SimCity’s influence, both on the strategy genre and on gaming in general, is immense. Still, the past few years have seen an explosion of clever city builders taking some huge steps toward developing personality and becoming more than their progenitor. Banished is the latest in that line, elaborating on the intricate, small-scale design of recent games like Tropico and creating something unique in the process.
If you’re reading this, it’s safe to assume that you have an Internet-capable device with all of the modern comforts that typically implies. But what if you didn’t? What if you were forced out of civilization as you know it, to live in the wilderness? How do you think you’d fare? Banished asks those questions, opening with a dozen or so outcasts seeking to make their way in the wilderness. It’s a humble setup, but the game is masterfully constructed with dozens of interlocking mechanics–the perfect foundation for a stinging emergent narrative and a focus on empathy in the face of a Malthusian world.
Cultivating crops can be one of the best ways to keep some consistent food coming in. Be warned, however. Too much farming will deplete the soil.
Banished is a series of small goals that feed into one ever-looming command: survive. Every game starts in the spring, and before winter hits, you need to get enough firewood, gather a decent supply of food, and build some houses to keep your citizens from freezing to death. Just getting enough food is tough, because you rarely have enough time or free land to get a proper set of crops growing. Instead, you’ll be chopping down as many trees as you can before getting a fishery going in a nearby lake or river. Then you hunker down and hope nobody dies.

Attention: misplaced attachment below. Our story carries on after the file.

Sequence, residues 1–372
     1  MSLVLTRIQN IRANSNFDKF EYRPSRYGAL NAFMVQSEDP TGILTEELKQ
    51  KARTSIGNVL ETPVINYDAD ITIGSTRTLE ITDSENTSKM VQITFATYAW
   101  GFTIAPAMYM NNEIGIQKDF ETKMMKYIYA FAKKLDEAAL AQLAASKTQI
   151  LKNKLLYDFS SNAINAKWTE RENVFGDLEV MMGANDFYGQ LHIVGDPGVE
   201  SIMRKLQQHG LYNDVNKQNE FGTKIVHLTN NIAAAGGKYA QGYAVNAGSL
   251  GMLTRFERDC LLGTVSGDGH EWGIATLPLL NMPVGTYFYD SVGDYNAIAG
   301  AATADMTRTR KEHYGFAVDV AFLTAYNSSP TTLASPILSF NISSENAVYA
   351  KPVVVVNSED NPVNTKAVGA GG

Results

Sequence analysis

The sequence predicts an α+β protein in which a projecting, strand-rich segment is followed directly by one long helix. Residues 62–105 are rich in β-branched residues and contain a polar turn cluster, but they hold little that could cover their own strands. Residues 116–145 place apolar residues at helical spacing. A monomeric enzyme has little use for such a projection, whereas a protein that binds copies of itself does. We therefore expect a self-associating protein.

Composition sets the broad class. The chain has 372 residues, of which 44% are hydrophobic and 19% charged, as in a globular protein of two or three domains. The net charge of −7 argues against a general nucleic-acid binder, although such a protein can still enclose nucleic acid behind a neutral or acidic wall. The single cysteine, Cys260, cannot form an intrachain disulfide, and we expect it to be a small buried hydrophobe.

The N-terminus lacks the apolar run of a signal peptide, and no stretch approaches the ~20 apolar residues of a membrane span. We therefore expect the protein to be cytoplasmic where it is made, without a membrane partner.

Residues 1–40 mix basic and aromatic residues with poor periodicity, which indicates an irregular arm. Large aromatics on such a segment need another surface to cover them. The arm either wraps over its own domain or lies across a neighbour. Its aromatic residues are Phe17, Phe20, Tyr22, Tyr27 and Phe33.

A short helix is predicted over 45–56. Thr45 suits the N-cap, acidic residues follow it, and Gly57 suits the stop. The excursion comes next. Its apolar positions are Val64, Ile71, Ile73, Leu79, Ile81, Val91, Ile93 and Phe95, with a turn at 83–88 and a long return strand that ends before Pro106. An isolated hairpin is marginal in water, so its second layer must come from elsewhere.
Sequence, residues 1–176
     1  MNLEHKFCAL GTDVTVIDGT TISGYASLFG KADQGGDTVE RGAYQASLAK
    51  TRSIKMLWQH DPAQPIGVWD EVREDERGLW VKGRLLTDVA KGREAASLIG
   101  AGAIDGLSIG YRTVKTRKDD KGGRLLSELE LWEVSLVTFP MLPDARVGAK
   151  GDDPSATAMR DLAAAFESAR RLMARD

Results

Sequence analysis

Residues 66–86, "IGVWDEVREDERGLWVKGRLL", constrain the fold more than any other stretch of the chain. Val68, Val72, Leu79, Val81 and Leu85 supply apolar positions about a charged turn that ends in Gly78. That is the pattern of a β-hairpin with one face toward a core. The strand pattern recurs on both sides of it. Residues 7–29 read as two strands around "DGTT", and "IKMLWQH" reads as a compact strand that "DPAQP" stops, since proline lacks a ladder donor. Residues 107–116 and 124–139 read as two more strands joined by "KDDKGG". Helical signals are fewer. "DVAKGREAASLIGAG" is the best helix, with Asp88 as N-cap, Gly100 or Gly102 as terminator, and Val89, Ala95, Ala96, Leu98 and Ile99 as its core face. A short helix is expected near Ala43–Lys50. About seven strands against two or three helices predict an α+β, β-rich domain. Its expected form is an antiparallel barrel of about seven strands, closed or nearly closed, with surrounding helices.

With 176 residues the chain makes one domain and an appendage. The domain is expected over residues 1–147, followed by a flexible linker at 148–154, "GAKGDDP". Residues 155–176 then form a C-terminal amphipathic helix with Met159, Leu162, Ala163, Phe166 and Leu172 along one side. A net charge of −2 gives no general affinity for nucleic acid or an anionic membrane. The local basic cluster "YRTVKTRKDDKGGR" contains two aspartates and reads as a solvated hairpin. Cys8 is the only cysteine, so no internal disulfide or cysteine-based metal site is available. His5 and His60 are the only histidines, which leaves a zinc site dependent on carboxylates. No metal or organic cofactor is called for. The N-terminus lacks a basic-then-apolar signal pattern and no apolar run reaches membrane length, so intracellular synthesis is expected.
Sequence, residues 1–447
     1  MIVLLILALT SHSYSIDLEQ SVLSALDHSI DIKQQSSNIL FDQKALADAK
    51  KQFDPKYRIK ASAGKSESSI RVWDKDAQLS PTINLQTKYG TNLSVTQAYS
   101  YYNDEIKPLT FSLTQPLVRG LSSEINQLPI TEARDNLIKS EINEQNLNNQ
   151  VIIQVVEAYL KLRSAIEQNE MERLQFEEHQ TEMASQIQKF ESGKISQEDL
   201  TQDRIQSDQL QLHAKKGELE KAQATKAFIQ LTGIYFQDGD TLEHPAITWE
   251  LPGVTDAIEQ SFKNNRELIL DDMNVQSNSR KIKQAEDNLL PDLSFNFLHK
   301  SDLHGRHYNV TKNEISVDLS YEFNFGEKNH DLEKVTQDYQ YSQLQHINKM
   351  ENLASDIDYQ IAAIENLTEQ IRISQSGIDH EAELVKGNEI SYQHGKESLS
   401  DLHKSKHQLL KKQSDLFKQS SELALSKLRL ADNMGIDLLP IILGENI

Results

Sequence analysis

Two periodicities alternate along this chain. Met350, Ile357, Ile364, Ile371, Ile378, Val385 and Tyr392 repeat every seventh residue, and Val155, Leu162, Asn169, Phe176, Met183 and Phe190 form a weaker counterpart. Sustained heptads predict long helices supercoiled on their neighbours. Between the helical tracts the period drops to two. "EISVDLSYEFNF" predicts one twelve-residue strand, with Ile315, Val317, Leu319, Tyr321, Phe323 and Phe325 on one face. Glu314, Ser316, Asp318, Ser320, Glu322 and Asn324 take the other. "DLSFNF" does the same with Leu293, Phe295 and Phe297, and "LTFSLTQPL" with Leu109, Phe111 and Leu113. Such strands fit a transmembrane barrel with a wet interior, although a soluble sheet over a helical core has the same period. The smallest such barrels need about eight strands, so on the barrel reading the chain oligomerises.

What if you were forced out of civilization as you know it, to live in the wilderness? How do you think you’d fare? Banished asks those questions, opening with a dozen or so outcasts seeking to make their way alone in the wilderness.
People, more than anything else, are your vital resource. They need homes, food, decent clothes, tools, emotional support, medicine, and more. Every mechanic, every building you can place, and everything else you can do relates back to that central theme of survival. If you can’t gather enough food, your people die. If they’re stuck outside for too long, or don’t have warm clothing, they die. Each time you fail as their leader, you’re reminded of the loss with a grating sound and a yellow gravestone. These serve as a one-two punch to punish you for failure because losing citizens makes it that much harder to keep up the resource flow. One fewer worker means you can’t gather food, stone, wood, or anything else as quickly. When children die, it’s even worse, though you likely won’t know it for some time. As your population ages, you eventually lose more than a few citizens to old age, and the best way to replace them is to give your younger citizens houses in the hopes that they’ll reproduce and bolster your future numbers.
Like most games of its type, Banished has a number of natural disasters that strike your populace. In many ways, they serve as a kind of random “boss fight” in the sense that they will often test one aspect of your infrastructure. Diseases test the health of your population, fires your city planning, and tornadoes your ability to rapidly rebuild before winter comes again. With Banished already amounting to a desperate attempt to stave off death, disasters can be absolutely devastating for the unprepared. When pests hit your crops and you’re already barely squeaking by each year, you’re going to start losing a lot of people. Those kinds of cascading failures contrast with the almost hilarious scenarios that surround SimCity’s giant robots or aliens.